Ans. 296.1292. 11. To find the area of a long and irregular figure,

bounded on one side by a right line. 1. At the extremities of the right line measure the perpendicu.

lar breadths of the figure; then divide the line into any number of equal parts, and measure the breadth at och

point of division. 2. Add together the intermediate breadths and half the sum of

the extreme ones: then multiply this sum by one of the equal parts of the base line : the product will be the required area, very nearly.

havings of them to deter

Let A Eea be an irregular figure,
having for its base the right line a bi
AE. Divide AE into equal parts,
and at the points of division A, B,

A B
A

C D È C, D, and E, erect the perpendiculars Aa, Bb, Cc, DU, Ee, to the base line AE, and designate them respectively by the letters a, b, c, d, and e. Then, the area of the trapezoid ABba = a FOX AB,

the area of the trapezoid BCcb = "*° BC,

the area of the trapezoid CDde = + x CD, and the area of the trapezoid DEed ="tex DE;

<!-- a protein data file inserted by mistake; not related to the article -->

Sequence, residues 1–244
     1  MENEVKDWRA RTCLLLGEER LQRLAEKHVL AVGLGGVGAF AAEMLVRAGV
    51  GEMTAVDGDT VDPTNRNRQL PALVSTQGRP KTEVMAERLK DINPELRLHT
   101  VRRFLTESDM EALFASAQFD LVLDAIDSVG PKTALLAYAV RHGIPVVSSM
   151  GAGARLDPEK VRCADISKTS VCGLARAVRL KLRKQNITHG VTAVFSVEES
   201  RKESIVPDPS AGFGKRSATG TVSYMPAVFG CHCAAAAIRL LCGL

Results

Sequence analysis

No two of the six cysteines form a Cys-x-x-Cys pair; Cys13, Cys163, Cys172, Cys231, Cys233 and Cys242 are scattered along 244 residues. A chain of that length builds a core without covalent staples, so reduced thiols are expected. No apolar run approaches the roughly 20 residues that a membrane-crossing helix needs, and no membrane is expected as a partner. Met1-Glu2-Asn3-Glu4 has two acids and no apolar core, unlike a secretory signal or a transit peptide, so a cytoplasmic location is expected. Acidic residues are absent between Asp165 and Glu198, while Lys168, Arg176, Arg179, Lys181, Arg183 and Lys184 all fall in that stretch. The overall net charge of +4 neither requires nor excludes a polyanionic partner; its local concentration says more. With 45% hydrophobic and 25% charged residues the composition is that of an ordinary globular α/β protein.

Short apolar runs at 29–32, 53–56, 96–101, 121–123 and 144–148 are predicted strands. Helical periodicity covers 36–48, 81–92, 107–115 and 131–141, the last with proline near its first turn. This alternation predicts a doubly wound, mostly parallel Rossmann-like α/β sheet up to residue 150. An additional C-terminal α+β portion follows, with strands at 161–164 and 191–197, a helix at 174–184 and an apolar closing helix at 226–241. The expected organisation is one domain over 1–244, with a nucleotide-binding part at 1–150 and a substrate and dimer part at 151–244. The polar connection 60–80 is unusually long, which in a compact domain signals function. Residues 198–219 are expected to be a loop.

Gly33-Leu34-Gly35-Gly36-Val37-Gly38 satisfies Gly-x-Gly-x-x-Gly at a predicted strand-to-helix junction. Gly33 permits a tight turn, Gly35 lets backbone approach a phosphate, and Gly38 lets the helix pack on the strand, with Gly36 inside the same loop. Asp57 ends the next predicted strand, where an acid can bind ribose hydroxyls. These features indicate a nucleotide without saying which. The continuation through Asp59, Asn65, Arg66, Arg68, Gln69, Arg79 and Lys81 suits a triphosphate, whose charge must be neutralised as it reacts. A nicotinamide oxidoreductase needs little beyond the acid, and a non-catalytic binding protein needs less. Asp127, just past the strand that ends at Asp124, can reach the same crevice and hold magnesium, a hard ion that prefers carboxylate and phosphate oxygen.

area

area

2

2

2

2

hence, their sum, or the area of the whole figure, is equal to

(070 +679 ++ d +) * AB, since AB, BC, &c., are equal to each other. But this sum is also equal to

( 9 +6+c+d+) * AB, which corresponds with the enunciation of the rule.

Ex. 1. The breadths of an irregular figure at five equi. distant places being 8.2, 7.4, 9.2, 10.2, and 8.6, and the length of the base 40: required the area.

4)40 8.6

10 one of the equal parts. 2)16.8

8.4 mean of the extremes.
7.4

35.2 sum.
9.2

10 10.2

352 = area. 35.2 sum. 2:. The length of an irregular figure being 84, and the breadths at six equidistant places 17.4, 20.6, 14.2, 16.5, 20.1, and 24.4; what is the area ?

Ans. 1550.64.

8.2